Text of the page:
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ALGOL-60 GENERALITY AND HIERARCHY

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  1. ALGOL-60GENERALITY AND HIERARCHY Programming Languages Course Computer Engineering Department Sharif University of Technology

  2. Outline • History and Motivation • Structural Organization • Name Structures • Data Structures • Control Structures

  3. Outline • History and Motivation • Structural Organization • Name Structures • Data Structures • Control Structures

  4. The International Algebraic Language

  5. The International Algebraic Language • Designed by 8 representatives of ACM and GAMM • Combined experiences of algebraic language design and implementing pseudo-codes. • Essentially completed in 8 days • Created a great stir • Many dialects: NELIAC, JOVIAL

  6. Objectives of Algol • As close as possible to standard mathematical notation and readable with little further explanation. • possible to be used for the description for computing processes in publications. • Mechanically translatable into machine programs.

  7. Algol-60 • Final report was published in May 1960, revised in 1962. • The original algol-60 report is a paradigm of brevity and clarity, remains a standard. • Syntax: BNF notation • Semantics: clear, precise, unambiguous English-language description.

  8. Outline • History and Motivation • Structural Organization • Name Structures • Data Structures • Control Structures

  9. Hierarchical Structure begininteger N;read int (N);begin real array Data[1:N]; integer i; sum := 0; for i := 1 step 1 until N do begin end …end end

  10. Category of Construct • Declaratives: bind name to the objects • Variables • Procedures • Switches • Imperative: do the work of computation • Control-flow • Computational (:=)

  11. The Familiar Control Structure • goto • If-Then-Else • For loop • Procedure invocation

  12. Compile-time, Run-time Distinction • FORTRAN: static compilation process • Algol: not completely static • Dynamic arrays • Recursive procedures

  13. The Stack, the Central Run-Time Data Structure • Dynamic allocation and deallocation are achieved by pushing and poping activation records on the stack.

  14. Outline • History and Motivation • Structural Organization • Name Structures • Data Structures • Control Structures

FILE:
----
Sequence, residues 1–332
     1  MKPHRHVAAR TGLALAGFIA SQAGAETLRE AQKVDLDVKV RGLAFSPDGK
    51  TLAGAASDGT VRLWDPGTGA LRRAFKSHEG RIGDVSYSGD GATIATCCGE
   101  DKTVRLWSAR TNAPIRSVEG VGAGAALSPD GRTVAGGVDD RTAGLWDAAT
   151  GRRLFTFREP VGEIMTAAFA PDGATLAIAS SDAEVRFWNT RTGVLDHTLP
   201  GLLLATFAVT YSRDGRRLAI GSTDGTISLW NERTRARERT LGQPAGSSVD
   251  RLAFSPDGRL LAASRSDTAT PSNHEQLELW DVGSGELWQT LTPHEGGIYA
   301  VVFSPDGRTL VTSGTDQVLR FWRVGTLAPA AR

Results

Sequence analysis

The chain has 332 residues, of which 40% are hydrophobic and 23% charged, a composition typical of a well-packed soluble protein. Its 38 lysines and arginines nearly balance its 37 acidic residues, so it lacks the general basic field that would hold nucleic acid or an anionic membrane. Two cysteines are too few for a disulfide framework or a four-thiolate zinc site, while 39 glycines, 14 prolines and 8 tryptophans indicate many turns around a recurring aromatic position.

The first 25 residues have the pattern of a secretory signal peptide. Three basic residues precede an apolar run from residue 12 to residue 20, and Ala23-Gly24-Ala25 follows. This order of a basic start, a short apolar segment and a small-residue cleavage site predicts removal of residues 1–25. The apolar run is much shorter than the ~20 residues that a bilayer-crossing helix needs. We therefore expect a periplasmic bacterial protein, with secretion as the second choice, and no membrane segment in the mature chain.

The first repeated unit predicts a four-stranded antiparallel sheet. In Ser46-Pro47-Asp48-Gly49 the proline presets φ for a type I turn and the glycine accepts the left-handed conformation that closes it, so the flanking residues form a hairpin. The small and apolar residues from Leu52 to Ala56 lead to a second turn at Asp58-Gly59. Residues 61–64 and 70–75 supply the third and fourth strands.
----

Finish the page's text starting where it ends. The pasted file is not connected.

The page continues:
15. Blocks and Compound Statements • A compound statement is a group of statements used where one statement is permitted. • Blocks contain declarations, compound statements do not. • An example of regularity in language design.

  16. Example fori:=0 step 1 until N do for i:=0 step 1 until N do • begin • ifData[i]>10 then Data[i]:=10; • sum:=sum+Data[i]; • Print Real(sum); • end sum:=sum+Data[i]

  17. Example fori:=0 step 1 until N do for i:=0 step 1 until N do • begin • ifData[i]>10 then Data[i]:=10; • sum:=sum+Data[i]; • Print Real(sum); • end sum:=sum+Data[i] The body of a for loop is one statement by default.

  18. Example fori:=0 step 1 until N do for i:=0 step 1 until N do • begin • ifData[i]>10 then Data[i]:=10; • sum:=sum+Data[i]; • Print Real(sum); • end sum:=sum+Data[i] The compound statement is used where one statement is permitted.

  19. Blocks Define Nested Scopes • In FORTRAN scopes are nested in two levels: global and subprogram-local. • Algol-60 allows any number of scopes nested to any depth. • Each block defines a scope that extends from the begin to the end. • Name structures (such as blocks) restrict the visibility of names to particular parts of the program.

  20. Example begin real x,y; procedure f(y,z); integer y,z; begin real array A[1:y]; end begin integer array Count [0:99] end end

  21. Sample Contour Diagram x y y f z A count

  22. Algol use of nested scopes prevents the programmer from committing errors that were possible in using FORTRAN COMMON blocks. Impossible Error Principle Making errors impossible to commit is preferable to detecting them after their commission.

  23. Static and Dynamic Scoping

  24. Static and Dynamic Scoping • Static scoping: a procedure is called in the environment of its definition. • Dynamic scoping: a procedure is called in the environment of its caller. • Algol uses static scoping exclusively.

  25. Example a: begin integer m; procedure P m:=1; b: begin integer m; P end; P end

  26. Example a: begin integer m; procedure P m:=1; b: begin integer m; P end P end With dynamic scoping, the value of this m is 1 when the program finishes block b.

  27. Contour Diagram of Dynamic Scoping m (a) P (b) m DL Call P (P) m:=1

  28. Example a: begin integer m; procedure P m:=1; b: begin integer m; P end; P end With static scoping, the value of this m is 1 when the program finishes block b.

  29. Contour Diagram of Static Scoping m (a) P (b) m DL Call P (P) m:=1

  30. Dynamic Scoping (Advantages) begin real procedure sum; begin real S,x; S:=0; x:=0; for x:=x+0.01 while x<=1 do S:=S+f(x); sum:=S/100; end … end begin real procedure f(x); value x; real x; f:=x 2 + 1; sumf:=sum; end To use the sum function it is necessary only to name the function to be summed f.

  31. Dynamic Scoping (Advantages) begin real procedure sum; begin real S,x; S:=0; x:=0; for x:=x+0.01 while x<=1 do S:=S+f(x); sum:=S/100; end … end begin real procedure f(x); value x; real x; f:=x↑2 + 1; sumf:=sum; end

  32. Dynamic Scoping (Advantages) begin real procedure sum; begin real S,x; S:=0; x:=0; for x:=x+0.01 while x<=1 do S:=S+f(x); sum:=S/100; end … end begin real procedure f(x); value x; real x; f:=x 2 + 1; sumf:=sum; end One advantage of dynamic scoping : A general procedure that makes use of variables and procedures supplied by the caller’s environment.